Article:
The California Superior Court agreed with the airline that the ADA expressly preempted the State's consumer protection claim. On appeal, the Court of Appeal conducted a de novo review, specifically examining the Supreme Court's ADA decisions in Morales v. Trans World Airlines,5 Inc., Am. Airlines, Inc. v. Wolens6 and Northwest, Inc. v. Ginsberg7, all of which reiterated the broad scope of ADA preemption of state law claims that "relate to" an airline's prices, routes, or services.8 The court recognized that the federal legislative presence in matters of air transportation is "longstanding and pervasive" and that a presumption against preemption was unwarranted, as such a presumption "only arises … if Congress legislates in a field traditionally occupied by the states."9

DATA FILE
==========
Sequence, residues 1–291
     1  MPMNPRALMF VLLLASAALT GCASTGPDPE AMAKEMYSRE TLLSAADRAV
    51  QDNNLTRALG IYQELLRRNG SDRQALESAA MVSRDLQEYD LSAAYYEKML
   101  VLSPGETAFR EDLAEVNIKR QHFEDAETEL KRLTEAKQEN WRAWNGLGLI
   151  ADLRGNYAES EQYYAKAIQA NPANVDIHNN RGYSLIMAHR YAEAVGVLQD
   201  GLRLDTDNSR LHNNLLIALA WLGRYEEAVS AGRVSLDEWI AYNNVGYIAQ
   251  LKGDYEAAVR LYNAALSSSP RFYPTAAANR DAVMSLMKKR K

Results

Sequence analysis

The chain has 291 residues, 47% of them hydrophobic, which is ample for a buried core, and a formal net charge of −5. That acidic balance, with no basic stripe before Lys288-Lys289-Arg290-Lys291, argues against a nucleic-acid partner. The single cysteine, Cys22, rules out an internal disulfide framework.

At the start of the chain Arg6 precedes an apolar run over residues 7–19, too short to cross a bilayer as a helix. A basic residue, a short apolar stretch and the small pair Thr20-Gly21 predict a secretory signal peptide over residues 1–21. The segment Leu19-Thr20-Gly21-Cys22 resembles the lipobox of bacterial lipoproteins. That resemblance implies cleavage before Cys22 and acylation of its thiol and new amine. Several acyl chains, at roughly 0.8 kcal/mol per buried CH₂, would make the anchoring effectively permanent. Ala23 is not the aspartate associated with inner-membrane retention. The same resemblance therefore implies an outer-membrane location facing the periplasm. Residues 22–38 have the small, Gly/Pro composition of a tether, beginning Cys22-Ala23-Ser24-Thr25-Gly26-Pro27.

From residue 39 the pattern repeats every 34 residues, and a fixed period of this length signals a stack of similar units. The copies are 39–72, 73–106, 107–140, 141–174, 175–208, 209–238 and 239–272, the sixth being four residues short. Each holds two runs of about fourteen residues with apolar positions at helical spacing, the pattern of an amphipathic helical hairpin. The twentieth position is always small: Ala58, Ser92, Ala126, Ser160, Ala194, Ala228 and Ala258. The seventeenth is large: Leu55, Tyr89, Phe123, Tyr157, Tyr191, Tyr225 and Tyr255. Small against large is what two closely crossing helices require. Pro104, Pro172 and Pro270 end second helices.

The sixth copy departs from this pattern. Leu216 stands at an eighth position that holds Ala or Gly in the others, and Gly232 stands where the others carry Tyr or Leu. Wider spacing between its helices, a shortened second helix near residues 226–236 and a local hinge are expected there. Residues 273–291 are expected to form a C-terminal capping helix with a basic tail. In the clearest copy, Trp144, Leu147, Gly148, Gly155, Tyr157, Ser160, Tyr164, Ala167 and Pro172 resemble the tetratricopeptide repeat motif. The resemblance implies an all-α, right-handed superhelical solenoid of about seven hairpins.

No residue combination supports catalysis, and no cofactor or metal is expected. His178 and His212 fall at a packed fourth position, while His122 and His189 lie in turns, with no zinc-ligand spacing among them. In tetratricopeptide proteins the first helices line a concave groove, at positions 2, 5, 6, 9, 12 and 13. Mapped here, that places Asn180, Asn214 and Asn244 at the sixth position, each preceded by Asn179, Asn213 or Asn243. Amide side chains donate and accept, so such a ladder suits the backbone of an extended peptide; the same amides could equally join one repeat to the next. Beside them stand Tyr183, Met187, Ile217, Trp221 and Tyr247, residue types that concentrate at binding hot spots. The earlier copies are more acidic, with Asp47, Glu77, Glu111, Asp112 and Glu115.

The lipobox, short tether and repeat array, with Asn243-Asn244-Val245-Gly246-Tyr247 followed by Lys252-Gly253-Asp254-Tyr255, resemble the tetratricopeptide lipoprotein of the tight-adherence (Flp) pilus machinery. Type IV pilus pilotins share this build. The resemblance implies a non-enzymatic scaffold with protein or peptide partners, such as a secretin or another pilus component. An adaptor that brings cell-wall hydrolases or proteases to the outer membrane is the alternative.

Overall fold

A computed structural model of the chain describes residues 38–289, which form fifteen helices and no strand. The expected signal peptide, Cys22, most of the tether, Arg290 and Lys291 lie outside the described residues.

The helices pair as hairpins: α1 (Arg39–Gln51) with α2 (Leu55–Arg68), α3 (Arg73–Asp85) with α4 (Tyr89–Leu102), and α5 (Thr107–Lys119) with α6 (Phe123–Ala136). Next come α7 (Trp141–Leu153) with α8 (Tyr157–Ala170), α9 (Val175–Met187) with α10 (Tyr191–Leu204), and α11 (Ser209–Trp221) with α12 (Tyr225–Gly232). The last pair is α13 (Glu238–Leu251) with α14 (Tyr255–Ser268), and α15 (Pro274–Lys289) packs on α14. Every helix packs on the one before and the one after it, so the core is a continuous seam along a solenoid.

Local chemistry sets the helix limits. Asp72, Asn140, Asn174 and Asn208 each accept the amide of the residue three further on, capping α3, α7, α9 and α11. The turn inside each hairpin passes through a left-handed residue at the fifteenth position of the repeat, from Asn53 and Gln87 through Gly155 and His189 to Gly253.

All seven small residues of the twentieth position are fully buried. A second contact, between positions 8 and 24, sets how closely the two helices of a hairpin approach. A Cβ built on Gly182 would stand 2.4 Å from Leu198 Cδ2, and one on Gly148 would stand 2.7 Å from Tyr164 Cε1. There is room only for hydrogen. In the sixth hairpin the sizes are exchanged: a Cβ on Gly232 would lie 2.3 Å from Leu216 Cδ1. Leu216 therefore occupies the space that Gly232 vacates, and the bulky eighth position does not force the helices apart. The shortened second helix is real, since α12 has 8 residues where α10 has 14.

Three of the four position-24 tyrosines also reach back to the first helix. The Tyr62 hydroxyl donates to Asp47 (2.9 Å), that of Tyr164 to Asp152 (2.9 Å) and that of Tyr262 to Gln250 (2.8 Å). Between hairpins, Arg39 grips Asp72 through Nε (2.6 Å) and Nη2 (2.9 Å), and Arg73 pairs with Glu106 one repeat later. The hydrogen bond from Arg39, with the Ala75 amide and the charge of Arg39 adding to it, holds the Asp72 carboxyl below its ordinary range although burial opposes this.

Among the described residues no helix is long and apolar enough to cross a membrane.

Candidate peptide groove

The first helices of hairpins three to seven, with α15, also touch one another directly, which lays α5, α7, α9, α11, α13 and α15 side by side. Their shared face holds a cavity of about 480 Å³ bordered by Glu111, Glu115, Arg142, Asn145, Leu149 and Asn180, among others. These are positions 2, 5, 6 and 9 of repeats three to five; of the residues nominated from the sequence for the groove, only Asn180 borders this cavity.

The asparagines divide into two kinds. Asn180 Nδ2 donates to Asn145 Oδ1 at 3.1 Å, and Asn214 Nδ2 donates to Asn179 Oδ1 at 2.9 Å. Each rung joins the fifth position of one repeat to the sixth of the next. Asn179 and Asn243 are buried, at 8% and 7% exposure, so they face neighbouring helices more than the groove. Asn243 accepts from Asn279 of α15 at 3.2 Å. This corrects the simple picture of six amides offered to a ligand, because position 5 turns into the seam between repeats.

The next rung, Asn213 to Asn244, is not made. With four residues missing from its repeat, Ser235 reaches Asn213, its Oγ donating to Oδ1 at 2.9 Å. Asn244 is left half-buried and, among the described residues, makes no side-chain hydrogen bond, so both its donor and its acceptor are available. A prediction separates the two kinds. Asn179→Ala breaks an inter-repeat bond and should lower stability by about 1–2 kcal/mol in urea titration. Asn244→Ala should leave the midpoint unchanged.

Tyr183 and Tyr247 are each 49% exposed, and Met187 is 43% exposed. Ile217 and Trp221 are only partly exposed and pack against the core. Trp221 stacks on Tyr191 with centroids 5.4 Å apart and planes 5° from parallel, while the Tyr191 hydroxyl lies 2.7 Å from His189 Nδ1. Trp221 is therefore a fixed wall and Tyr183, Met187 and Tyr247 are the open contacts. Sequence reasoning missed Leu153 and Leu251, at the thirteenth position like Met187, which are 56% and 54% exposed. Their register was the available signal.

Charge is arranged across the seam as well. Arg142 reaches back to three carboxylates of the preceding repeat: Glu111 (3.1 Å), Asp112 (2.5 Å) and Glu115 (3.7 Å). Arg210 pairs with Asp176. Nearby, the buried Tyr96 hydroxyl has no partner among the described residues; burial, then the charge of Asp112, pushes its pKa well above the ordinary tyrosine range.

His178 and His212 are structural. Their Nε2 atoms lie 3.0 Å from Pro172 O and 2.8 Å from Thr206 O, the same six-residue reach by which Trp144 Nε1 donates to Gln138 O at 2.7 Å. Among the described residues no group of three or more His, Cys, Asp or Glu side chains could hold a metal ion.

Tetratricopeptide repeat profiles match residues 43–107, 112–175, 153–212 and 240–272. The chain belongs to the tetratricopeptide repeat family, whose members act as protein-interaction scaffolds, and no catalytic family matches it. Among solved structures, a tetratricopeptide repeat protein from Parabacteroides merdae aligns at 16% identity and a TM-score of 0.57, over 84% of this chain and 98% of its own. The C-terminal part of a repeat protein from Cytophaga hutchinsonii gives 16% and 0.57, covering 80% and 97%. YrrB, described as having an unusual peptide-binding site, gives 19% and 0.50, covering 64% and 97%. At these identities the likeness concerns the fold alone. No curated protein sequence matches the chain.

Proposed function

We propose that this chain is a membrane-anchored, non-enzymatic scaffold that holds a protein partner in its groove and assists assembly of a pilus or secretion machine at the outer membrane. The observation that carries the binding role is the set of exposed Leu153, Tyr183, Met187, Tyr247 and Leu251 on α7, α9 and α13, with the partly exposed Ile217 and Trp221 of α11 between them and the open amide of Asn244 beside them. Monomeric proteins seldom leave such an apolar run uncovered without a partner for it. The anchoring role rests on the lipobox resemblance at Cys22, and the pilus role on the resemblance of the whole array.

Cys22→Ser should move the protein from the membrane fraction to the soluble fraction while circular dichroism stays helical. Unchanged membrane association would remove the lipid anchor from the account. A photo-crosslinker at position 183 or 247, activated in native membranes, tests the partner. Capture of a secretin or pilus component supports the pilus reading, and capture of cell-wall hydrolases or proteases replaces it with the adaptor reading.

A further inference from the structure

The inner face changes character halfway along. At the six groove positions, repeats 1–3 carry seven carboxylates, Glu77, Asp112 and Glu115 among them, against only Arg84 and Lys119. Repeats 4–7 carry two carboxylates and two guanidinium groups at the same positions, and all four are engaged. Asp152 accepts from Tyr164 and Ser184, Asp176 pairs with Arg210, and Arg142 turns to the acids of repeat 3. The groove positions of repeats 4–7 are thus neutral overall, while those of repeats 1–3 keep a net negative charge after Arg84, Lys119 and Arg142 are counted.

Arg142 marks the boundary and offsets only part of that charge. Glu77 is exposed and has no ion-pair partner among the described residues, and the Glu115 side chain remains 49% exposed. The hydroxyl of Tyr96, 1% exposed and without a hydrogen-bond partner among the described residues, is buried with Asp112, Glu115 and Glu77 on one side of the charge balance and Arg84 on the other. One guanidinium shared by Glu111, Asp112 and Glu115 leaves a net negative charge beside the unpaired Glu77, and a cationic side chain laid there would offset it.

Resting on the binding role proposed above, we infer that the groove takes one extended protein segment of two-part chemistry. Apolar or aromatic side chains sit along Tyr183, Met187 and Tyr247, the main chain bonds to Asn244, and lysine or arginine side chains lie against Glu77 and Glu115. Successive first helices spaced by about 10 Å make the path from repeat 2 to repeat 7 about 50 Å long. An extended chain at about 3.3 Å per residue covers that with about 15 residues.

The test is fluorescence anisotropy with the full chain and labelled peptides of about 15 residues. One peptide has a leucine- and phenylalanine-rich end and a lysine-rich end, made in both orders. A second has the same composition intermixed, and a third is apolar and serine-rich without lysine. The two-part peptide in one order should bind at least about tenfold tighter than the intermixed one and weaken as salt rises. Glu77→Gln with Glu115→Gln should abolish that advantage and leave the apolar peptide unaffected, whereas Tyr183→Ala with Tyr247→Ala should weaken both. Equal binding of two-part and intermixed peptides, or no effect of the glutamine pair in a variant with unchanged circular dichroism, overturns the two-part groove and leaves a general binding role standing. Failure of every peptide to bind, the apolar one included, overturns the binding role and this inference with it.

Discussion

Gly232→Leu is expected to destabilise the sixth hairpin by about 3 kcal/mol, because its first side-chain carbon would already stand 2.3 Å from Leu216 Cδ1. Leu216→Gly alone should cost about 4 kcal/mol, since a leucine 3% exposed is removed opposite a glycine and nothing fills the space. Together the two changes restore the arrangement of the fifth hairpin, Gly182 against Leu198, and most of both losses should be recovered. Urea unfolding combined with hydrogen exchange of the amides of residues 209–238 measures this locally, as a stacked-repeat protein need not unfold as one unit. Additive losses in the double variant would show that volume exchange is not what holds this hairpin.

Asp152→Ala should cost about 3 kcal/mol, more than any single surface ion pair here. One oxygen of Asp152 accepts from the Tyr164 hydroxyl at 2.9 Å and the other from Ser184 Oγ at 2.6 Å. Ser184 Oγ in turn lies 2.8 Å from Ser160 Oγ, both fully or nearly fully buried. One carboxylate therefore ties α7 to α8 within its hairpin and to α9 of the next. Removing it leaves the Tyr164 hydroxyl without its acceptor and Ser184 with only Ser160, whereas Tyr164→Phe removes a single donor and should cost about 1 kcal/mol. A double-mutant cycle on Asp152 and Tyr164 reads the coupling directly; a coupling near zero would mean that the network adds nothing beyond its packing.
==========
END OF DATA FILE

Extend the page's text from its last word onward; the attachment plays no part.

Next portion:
Lastly, the court recognized that its holding was consistent with several previous Federal district court decisions that had examined the scope of ADA preemption in the context of state enforcement of consumer protection laws regarding privacy policies and the collection of PII.12 In those cases, plaintiffs asserted that the airlines violated their stated privacy policies by collecting and disclosing certain PII in their passenger name records. The courts uniformly concluded that such claims were expressly preempted by the ADA under Morales and Wolens.